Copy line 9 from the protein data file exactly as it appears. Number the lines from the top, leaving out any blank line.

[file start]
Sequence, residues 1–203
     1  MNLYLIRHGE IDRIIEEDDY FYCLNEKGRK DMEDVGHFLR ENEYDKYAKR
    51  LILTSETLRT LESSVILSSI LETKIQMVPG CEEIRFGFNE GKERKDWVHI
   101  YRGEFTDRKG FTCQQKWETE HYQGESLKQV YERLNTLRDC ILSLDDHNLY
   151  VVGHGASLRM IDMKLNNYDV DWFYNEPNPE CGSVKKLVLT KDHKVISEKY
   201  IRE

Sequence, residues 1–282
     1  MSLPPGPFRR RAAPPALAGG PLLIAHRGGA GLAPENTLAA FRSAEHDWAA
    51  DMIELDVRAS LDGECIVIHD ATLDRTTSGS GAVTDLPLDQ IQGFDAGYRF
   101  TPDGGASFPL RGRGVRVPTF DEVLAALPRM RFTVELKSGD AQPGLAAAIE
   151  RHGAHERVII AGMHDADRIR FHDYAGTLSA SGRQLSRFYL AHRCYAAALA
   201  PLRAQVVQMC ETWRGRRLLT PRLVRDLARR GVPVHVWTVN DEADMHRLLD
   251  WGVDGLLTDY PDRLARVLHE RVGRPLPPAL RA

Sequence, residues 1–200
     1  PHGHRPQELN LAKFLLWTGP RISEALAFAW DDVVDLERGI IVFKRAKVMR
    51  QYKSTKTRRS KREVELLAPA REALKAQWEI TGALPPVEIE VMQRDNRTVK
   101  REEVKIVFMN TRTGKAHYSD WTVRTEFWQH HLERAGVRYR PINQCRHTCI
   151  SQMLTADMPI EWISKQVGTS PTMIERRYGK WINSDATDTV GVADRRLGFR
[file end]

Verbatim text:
    51  DMIELDVRAS LDGECIVIHD ATLDRTTSGS GAVTDLPLDQ IQGFDAGYRF